How to cite this URL:
Patel RS, Christie AL, Zimmern PE. Does bacterial motility influence the extent of bladder wall involvement in women with recurrent urinary tract infections?. Urol Sci [Epub ahead of print] [cited 2023 Dec 1]. Available from: https://www.e-urol-sci.com/preprintarticle.asp?id=374536

  Introduction Top

Urinary tract infection (UTI) is a bothersome condition affecting women with an estimated annual incidence of 12.6% and a lifetime likelihood of approximately 60%.[1],[2] The annual costs for the evaluation and management of UTIs in the United States are approximately $2 billion.[3] The most widely accepted theory behind the pathogenesis of UTIs is that bacteria ascend the urethra - presumably with flagella motion or mechanical means (i.e., catheter) – through the bladder neck and attach to the base of the bladder (trigone) through pili.[4],[5] Thus, recurrent UTIs (RUTI) through an ascending mechanism would logically lead to a chronic infection of just the trigone – also termed trigonitis.[6] However, we have noticed that many RUTI patients have bladder wall involvement past the trigone on cystoscopy, with some having lesions involving the lateral walls of the bladder or even the entire bladder wall (pancystitis). This led to the development of a simple classification of cystitis in 4 stages, which has been useful to better characterize the severity of the infection process and its effect on RUTI management.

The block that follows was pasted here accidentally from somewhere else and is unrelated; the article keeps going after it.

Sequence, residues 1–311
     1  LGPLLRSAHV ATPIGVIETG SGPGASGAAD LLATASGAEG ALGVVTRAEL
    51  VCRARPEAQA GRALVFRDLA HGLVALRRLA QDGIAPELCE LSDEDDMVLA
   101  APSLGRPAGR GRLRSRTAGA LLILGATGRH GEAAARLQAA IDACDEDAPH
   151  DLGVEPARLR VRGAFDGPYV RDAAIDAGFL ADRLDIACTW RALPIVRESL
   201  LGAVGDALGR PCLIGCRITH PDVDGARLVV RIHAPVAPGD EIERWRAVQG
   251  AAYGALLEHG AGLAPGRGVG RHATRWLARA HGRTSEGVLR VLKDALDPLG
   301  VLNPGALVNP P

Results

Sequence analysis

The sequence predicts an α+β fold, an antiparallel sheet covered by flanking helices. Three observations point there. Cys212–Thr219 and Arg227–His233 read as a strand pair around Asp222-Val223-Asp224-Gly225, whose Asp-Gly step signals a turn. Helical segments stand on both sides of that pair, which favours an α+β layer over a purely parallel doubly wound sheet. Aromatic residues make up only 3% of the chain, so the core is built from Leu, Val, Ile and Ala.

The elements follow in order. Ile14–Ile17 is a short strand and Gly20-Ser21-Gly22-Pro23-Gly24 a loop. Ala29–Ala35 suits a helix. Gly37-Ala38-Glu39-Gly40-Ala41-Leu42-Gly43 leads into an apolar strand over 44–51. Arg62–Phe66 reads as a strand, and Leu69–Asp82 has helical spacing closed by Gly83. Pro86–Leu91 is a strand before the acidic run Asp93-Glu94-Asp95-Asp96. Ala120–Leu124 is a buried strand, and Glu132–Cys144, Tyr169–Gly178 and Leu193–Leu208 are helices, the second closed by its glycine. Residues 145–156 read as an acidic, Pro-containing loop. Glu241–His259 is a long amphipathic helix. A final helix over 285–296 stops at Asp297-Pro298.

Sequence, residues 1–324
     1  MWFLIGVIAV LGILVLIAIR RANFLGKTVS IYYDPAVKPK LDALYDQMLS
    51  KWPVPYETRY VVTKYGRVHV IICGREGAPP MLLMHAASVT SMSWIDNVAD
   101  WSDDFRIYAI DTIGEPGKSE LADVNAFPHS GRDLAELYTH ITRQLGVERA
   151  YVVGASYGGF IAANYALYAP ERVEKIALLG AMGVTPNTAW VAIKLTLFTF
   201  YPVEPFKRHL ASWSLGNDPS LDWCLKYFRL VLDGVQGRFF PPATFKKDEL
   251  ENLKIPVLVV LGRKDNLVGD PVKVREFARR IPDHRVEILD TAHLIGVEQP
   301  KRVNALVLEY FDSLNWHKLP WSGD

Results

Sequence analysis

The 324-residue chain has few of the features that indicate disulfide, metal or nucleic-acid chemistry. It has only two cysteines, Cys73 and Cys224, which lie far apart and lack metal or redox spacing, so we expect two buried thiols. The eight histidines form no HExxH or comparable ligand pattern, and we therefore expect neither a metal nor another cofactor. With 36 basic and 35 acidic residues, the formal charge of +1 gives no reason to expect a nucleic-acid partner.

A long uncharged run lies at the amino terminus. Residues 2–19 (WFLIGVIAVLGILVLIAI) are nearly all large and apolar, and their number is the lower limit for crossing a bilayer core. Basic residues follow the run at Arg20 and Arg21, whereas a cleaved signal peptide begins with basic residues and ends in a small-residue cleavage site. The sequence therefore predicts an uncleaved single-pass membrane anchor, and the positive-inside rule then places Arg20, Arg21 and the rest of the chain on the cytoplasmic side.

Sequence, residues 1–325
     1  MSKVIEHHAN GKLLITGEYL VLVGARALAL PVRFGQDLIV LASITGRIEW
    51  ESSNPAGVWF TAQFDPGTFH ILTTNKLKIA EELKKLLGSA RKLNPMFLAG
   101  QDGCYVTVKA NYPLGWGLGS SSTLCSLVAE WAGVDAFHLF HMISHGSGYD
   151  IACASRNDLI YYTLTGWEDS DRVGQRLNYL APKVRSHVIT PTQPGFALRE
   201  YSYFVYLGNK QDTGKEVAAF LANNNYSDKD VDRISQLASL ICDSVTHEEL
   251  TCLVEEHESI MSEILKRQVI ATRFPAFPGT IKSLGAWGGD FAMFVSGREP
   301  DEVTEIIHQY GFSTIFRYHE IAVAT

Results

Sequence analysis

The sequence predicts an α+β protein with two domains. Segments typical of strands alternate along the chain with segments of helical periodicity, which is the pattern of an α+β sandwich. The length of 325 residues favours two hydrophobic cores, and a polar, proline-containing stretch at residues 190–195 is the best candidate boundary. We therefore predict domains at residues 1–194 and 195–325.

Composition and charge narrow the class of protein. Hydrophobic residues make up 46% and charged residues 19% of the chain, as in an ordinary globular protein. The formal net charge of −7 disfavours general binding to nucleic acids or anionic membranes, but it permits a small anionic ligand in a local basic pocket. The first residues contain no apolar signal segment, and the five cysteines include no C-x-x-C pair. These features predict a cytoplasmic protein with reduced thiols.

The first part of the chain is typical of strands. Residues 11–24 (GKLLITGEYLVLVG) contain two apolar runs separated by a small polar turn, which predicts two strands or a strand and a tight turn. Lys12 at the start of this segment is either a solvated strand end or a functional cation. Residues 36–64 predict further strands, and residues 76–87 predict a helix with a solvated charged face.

But why are some patients having visible lesions of chronic bladder wall infection manifesting beyond their trigone? Several explanations are plausible. First, chronic urinary retention with urine stagnating in the bladder could encourage the bathing of other bladder walls than the trigone with bacteria-laden urine. However, retention is not always related to UTI or UTI evolution.[7] Second, in women with a long history of UTI or very frequent episodes of UTI, there could be a higher propensity for planktonic bacteria to anchor at new bladder wall sites beyond the trigone. However, there are some women who have had UTIs for many years or decades, but only have chronic trigonitis on cystoscopy.[8],[9]